On the one hand, the event of a major building by Gehry on his home turf, post-Bilbao, could be likened to Mies’ return to post-war Berlin as the acknowledged “master” of modern architecture. Now we will have a chance to be bowled-over by the architect, who, since completing his last public works in Los Angeles, has been transformed by the critics from local hero to master of digital architecture and more. My initial excitement, however, over the Tatlin tower-like quality of the steel frame has subsided as more and more steel has been bolted into place, leaving me wondering where the spaces will be inside this hulk of a structure. This building site is clearly more Scharoun than Mies: nothing appears to be very considered about this structure – just anything it takes to make those miraculous curves stand up, and perhaps a bit more besides to make doubly sure it won’t fall down in an earthquake. While it seems likely that one could build a high tower with the same tonnage of steel, it is not, as in the case of Mies, being used for any visible end. In fact, there seems to be something a little absurd about so much structure being necessary to achieve the appearance of a building that is unconstrained by gravitational forces.

There are some interesting things going on here: a massive structure supporting an elaborate body work, and, somewhere hidden in the middle of all that, perhaps a wonderful concert hall. We have, in fact, come a long way from Scharoun, where the forms on the outside were still basically the volumes of the inside. If a precedent is sought for this type of construction, what comes to my mind is not a building in the conventional sense, but the images of the Statue of Liberty under construction. But in that case, of course, the body work is supported by a rather elegant structure designed by Eiffel. This comparison also raises the question of how revolutionary Gehry’s architecture really is. For all the talk about Gehry’s use of advanced computer programs, it doesn’t seem like he’s really doing much that couldn’t be done by hand one hundred and twenty years ago.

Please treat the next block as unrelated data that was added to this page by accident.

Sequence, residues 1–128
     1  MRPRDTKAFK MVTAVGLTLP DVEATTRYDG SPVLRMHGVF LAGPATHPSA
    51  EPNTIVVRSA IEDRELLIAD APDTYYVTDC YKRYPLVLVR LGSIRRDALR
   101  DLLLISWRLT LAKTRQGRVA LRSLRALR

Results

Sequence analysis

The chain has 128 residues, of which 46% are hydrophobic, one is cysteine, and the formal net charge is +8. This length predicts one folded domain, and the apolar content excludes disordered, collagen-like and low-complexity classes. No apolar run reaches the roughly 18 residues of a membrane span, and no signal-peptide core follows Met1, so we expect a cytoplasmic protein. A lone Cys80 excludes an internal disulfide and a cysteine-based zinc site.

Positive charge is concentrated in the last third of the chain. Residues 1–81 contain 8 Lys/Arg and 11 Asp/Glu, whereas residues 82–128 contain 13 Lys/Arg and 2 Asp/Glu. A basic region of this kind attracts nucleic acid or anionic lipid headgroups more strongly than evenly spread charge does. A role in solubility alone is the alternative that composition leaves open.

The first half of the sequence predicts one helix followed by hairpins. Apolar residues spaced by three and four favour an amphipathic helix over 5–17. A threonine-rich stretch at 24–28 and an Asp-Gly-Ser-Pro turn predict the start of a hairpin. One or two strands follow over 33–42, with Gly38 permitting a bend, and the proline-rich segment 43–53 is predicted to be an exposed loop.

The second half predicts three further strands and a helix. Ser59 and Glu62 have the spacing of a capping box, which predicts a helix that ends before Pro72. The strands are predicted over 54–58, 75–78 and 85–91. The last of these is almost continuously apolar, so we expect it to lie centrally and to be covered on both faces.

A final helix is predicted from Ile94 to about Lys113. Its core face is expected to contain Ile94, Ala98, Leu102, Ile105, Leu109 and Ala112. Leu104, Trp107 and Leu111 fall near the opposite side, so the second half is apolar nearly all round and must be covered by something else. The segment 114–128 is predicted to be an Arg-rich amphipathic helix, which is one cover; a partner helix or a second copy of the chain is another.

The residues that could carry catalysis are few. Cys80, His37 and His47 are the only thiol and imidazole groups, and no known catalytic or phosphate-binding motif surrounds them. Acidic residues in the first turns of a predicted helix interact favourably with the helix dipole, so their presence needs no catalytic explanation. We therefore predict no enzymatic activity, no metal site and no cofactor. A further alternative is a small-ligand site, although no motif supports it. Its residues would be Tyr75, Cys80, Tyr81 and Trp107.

To return again to the Philharmonie comparison, there doesn’t seem to be much of a cost restraint here, unless, that is, you count the decision to substitute stone with metal cladding. But, even so, we’re surely not talking here about one of the cheapest concert halls in the United States. And the way in which Scharoun achieved so much with the cheapest materials remains one of the wonders of the Philharmonie. Even that br/onze fiberglass cladding seemed to be perfectly attuned to the late summer coloring of the Potsdamer Platz landscape before its redevelopment. The Philharmonie always seemed much more part of a landscape than part of a city; it now sits uncomfortably in the shadow of the new Sony/ Daimler Benz development that has been planted next door. In comparison, the Disney Concert Hall will most likely seem plain flashy ? and why not? Los Angeles, 2001 is a long way from Berlin, 1963. There’s money and material to spare. But while the most memorable photographic image of Bibao was the view down a gray and rather drab street towards the glittering jewel at the end of the vista, no such beguiling contrast exists here. The Dorothy Chandler Pavilion, MOCA, the Bunker Hill skyscrapers: already surrounded by opulence, Gehry’s building can only out dazzle (however masterfully it does that) what is already there. There can’t be the excitement of a new public building inserted into an existing city fabr/ic, because there is no city fabr/ic here to speak of. Grand Avenue is like an architectural zoo (for large species only). Don’t misunderstand me, I like going to the zoo – I just don’t confuse it with nature. We now have the interesting (and, I suspect, futile) attempt to add urbanity to Grand Avenue (see John Dale’s article in this newsletter).